On Wednesday 6 March, Professor Catherine Loveday, neuropsychologist at the College of Liberal Arts and Sciences, gave a talk on the importance of human memory, relating to her own journey and research.
Professor Loveday focused on a range of topics including memories as an important part of who we are and the idea that they shape our identity, cement our relationships with others and enable us to plan and predict the future. She also spoke about music as a powerful conduit to our memories that is inherently tied to our personal and cultural identity. Professional pianist Anna Tilbrook, along with Professor Loveday’s son Joe, delivered impressive piano performances at various points of the talk.
Professor Loveday further discussed the phenomenon known as the reminiscence bump, which is the notion that we have a preference for, and better memory of, music from our teenage years. She also argued that music, clothes, pictures and other objects with sentimental value provide memory scaffolding, which is particularly relevant for individuals who are separated from their homes, relatives and/or personal belongings.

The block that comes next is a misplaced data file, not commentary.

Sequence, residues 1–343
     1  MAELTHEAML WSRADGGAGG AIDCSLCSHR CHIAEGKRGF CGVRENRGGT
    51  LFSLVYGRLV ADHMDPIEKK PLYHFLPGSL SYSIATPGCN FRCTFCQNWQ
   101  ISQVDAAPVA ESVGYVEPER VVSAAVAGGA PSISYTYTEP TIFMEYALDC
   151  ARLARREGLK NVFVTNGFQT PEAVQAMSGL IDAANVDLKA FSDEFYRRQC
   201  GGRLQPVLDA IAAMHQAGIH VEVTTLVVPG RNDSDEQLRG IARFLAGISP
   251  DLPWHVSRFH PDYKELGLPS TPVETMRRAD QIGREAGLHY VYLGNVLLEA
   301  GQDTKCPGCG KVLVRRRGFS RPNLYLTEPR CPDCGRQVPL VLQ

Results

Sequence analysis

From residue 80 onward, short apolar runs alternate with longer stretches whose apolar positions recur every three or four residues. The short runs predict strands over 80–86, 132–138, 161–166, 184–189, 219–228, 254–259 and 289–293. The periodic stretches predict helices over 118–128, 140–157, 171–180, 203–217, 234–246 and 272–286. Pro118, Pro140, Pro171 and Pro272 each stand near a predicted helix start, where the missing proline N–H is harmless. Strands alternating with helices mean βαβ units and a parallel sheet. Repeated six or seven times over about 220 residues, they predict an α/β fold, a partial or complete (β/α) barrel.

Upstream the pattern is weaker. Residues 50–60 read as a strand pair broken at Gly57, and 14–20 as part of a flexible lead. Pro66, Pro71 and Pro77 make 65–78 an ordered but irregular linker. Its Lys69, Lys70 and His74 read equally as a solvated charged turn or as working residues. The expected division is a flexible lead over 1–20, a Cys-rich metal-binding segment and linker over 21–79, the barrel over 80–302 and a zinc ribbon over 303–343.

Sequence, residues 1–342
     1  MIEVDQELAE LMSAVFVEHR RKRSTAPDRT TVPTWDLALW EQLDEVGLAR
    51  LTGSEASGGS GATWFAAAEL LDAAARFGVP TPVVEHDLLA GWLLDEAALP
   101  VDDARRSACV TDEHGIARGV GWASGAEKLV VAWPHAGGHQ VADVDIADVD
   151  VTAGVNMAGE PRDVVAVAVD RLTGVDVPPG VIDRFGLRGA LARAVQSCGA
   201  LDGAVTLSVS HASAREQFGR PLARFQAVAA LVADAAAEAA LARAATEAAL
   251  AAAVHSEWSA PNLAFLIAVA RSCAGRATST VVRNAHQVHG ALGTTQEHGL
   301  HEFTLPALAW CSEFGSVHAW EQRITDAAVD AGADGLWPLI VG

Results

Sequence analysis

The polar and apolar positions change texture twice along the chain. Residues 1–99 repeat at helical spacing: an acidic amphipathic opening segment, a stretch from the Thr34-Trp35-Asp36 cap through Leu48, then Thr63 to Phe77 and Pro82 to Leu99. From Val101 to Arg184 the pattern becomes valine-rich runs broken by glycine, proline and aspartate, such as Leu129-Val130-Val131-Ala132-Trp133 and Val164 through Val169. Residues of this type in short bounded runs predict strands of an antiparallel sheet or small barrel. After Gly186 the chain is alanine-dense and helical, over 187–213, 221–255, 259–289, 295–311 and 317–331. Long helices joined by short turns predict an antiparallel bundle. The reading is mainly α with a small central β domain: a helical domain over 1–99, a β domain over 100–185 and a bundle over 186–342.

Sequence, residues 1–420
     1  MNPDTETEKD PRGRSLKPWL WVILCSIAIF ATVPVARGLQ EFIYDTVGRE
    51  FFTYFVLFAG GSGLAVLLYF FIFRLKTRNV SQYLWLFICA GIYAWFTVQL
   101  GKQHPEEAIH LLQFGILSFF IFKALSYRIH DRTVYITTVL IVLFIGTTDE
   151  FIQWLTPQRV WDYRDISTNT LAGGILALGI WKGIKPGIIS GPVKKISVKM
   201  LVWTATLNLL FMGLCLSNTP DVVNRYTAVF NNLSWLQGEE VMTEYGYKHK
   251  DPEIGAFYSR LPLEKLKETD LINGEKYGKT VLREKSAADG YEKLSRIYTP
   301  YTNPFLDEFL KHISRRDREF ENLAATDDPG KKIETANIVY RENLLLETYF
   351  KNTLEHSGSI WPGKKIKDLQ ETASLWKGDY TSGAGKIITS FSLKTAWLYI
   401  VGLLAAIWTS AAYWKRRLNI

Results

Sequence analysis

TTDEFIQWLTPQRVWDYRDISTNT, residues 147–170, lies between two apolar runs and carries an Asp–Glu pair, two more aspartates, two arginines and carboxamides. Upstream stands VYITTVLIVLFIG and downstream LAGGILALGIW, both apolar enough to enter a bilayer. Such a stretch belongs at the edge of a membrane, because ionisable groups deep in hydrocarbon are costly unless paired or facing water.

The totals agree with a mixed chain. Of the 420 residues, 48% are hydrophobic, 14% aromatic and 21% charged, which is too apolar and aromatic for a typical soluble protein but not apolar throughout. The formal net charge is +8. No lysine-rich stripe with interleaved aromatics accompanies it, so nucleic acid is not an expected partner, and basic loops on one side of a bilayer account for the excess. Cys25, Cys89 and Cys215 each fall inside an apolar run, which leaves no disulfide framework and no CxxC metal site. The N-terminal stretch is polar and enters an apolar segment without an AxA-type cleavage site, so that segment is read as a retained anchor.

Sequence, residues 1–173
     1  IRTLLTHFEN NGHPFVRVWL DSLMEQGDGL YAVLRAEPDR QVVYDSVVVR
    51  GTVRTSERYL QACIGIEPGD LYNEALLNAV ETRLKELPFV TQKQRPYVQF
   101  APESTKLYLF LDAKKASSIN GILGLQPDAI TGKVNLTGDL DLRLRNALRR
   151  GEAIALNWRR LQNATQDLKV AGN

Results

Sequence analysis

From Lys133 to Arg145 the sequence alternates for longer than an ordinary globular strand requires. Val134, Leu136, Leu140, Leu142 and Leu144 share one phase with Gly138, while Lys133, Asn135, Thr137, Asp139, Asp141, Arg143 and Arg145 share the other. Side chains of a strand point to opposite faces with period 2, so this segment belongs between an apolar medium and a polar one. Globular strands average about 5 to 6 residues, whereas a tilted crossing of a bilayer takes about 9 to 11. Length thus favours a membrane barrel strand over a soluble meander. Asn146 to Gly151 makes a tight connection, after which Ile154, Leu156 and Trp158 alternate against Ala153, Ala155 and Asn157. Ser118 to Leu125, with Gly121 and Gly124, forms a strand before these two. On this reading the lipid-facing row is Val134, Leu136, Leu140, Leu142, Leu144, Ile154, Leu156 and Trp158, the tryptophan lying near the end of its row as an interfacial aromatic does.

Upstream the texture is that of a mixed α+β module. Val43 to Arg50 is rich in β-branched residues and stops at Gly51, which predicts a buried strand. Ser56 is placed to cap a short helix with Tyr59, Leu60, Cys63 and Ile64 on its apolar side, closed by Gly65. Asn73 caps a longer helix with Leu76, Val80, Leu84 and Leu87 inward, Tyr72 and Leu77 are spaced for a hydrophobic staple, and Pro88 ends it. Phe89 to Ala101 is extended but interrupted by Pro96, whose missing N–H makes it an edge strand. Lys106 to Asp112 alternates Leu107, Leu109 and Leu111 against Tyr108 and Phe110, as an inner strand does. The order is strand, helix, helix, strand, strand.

The talk was held in Regent Campus and was attended by many colleagues of the University and of corporate organisations. Following the event, the University of Westminster’s Vice-Chancellor and President, Dr Peter Bonfield, shared his thoughts on Twitter: “It was such a treat and privilege to be one of the many colleagues, students, friends and family hearing our wonderful Catherine Loveday’s personal and professional stories at her professorial inaugural lecture this evening."
One of Professor Loveday’s social media followers, who came to the talk especially from Leeds, also said: “Absolutely mesmerised by Catherine Loveday’s inaugural lecture this evening. It felt like a self-defining memory moment being captured for future use. I questioned my sanity in taking the 400-mile round trip to hear her speak but was rewarded and ignited with passion to find out more. Thank you!”